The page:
Friday, November 5, 2010

If Grants Eliminated - Solar Projects Will Slow

Solar, wind, geothermal and biomass power companies predict a slowdown in renewable-energy projects if Congress fails to extend a U.S. grant program during its post-election session.

The American Wind Energy Association, the Solar Energy Industries Association, the Biomass Power Association and the Geothermal Energy Association sent letters on Nov. 2 to lawmakers, pressing to extend the program that expires next month. The groups are acting before Republicans take control of the House next year after campaigning on a pledge to lower the federal deficit.

The industry organizations said the credits, which are part of the stimulus package, saved or created tens of thousands of U.S. jobs. White House officials said in an Oct. 25 memo that the grants had been “much more effective in promoting renewable energy” than a program to provide renewable projects with federal loan guarantees.

Letting the grants expire will lead to a “significant slowdown in the renewable-energy industries, resulting in the loss of jobs and further transfer of clean-energy leadership to other countries,” the groups wrote to congressional leaders.

Legislation to extend the grants has been introduced in Congress and may be tied to the debate over extending tax breaks enacted during the Bush administration, which are to end this year.

The Treasury Department has awarded more than $5.4 billion to 1,387 renewable-energy projects. The program lets solar, wind and renewable projects that would be eligible for production and investment tax credits instead seek a one-time grant from the Treasury covering 30 percent of costs.

Summers, Browner Memo

The White House memo, written by National Economic Council Director Lawrence Summers, special adviser on energy and environment Carol Browner, and Vice President Joe Biden’s chief of staff, Ron Klain, recommended that President Barack Obama ask Congress to redirect $2.5 billion in loan guarantee funds to extend the grants.

The advisers said opposition to the shift may come from House Speaker Nancy Pelosi, a California Democrat, and Senate Energy Committee Chairman Jeff Bingaman, a New Mexico Democrat. The memo was reported earlier today by the Wall Street Journal.

Bill Burton, White House deputy press secretary, said today in an e-mail that the administration supports the loan-guarantee and grant programs.

The renewable-energy groups cited a Lawrence Berkeley National Laboratory study from 2009 that found the grant program saved more than 55,000 jobs in the wind-energy industry. The report said most positions were short-term.

The Solar Foundation, a Washington-based non-profit group that promotes using the sun for energy, reported 93,000 employees in the industry, double the number estimated for 2009. The groups credited the grants for the increase.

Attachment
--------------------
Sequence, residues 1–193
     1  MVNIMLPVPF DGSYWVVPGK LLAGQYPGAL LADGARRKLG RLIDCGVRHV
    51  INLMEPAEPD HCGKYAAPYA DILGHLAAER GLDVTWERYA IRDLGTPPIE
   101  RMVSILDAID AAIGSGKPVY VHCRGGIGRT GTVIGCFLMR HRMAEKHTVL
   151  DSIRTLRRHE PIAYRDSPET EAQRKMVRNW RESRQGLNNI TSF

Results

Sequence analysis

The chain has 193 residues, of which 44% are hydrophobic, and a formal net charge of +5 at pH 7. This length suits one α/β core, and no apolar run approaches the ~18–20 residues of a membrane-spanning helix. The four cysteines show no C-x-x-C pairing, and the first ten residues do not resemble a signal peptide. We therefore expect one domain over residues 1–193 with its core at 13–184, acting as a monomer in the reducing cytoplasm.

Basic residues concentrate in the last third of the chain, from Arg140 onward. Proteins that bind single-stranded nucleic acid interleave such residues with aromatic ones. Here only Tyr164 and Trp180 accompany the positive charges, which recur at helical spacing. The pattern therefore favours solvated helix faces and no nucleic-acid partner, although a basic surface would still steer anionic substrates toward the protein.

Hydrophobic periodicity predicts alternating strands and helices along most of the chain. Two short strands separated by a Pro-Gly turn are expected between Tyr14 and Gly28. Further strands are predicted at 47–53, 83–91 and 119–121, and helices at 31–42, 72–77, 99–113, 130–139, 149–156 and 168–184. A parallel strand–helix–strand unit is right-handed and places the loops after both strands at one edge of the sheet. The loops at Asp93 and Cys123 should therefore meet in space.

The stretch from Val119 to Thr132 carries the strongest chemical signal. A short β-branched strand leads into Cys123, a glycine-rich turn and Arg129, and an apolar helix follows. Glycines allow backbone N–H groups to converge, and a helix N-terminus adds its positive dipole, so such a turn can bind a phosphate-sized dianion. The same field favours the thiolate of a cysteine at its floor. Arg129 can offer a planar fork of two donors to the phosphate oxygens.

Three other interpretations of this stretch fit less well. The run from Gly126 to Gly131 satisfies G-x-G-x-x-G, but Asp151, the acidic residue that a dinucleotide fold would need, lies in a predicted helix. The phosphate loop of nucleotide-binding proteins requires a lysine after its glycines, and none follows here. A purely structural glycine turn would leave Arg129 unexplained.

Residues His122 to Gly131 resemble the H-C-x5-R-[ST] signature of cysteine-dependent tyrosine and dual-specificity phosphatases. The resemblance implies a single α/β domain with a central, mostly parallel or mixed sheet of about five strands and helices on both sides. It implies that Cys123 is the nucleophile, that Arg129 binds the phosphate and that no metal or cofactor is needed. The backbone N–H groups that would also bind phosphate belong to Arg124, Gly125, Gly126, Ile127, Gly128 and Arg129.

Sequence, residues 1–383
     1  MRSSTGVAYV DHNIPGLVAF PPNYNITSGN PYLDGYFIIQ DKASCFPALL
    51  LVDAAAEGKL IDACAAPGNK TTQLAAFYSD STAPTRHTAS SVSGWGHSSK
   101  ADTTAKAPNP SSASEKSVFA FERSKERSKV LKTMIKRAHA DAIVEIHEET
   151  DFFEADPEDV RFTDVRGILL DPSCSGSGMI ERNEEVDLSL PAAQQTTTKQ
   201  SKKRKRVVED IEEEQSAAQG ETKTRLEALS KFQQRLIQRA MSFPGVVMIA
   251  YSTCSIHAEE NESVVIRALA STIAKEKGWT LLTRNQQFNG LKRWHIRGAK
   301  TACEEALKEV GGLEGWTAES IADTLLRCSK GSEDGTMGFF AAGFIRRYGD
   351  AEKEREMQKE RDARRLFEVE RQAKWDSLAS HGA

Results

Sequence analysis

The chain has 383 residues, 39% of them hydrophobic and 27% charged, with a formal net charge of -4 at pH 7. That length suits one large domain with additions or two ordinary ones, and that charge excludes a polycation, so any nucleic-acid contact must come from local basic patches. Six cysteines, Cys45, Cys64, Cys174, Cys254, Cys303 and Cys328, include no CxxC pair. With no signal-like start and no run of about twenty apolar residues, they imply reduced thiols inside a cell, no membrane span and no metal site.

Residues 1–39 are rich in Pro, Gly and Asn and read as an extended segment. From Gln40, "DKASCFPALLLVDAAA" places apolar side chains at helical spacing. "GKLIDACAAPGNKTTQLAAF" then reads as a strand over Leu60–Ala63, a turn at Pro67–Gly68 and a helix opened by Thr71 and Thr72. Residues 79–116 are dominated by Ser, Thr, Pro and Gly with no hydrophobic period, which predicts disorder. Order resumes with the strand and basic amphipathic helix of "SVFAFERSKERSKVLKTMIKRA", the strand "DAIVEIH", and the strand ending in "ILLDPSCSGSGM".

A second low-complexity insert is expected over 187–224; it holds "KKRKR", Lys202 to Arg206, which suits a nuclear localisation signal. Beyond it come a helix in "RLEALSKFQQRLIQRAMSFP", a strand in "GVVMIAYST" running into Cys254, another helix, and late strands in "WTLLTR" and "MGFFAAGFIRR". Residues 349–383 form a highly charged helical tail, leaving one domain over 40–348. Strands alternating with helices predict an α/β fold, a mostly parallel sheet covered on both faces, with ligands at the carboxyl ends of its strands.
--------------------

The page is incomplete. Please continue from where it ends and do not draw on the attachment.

Grants, Credits

The Treasury grants were added to the stimulus program at the behest of renewable-energy companies that said investment tax credits were failing to entice investors during the recession.

The White House memo said 2009 was the best year for the wind industry. Developers installed 10,000 megawatts of power that year. The Lawrence Berkley report said one-third of that capacity wouldn’t have been built without the grants.

U.S. wind-energy growth has slowed. The wind group reported Oct. 29 that developers added 395 megawatts in the third quarter, the slowest pace of growth since 2007.

AES Corp. Chief Executive Officer Paul Hanrahan said policy uncertainty would result in a shift in investments by the Arlington, Virginia-based company.

“We have scaled back our development efforts in the U.S. wind market in the near term,” Hanrahan said on a conference call today.

Renewable-energy companies also may have a more difficult time next year seeking support for the program when Republicans control the House. Lobbyists said subsidies for renewable projects will face greater scrutiny.

Grants ‘Toast’

“The tax-grant program, that’s toast,” said Michael McKenna, president of MWR Strategies, an oil-industry consulting firm in Washington. “There’s no way they can extend it. It’s going to be agenda item No. 1 for the wind and solar guys, but I just don’t see how that will happen.”

Dan Lashof, director of the New York-based Natural Resources Defense Council’s climate center in Washington, disagreed, saying both parties supported renewable power.

“I don’t think it’s obvious what the new Congress will do on renewable energy,” Lashof said. “Even Republicans that ran opposed to cap-and-trade said they support renewable.”


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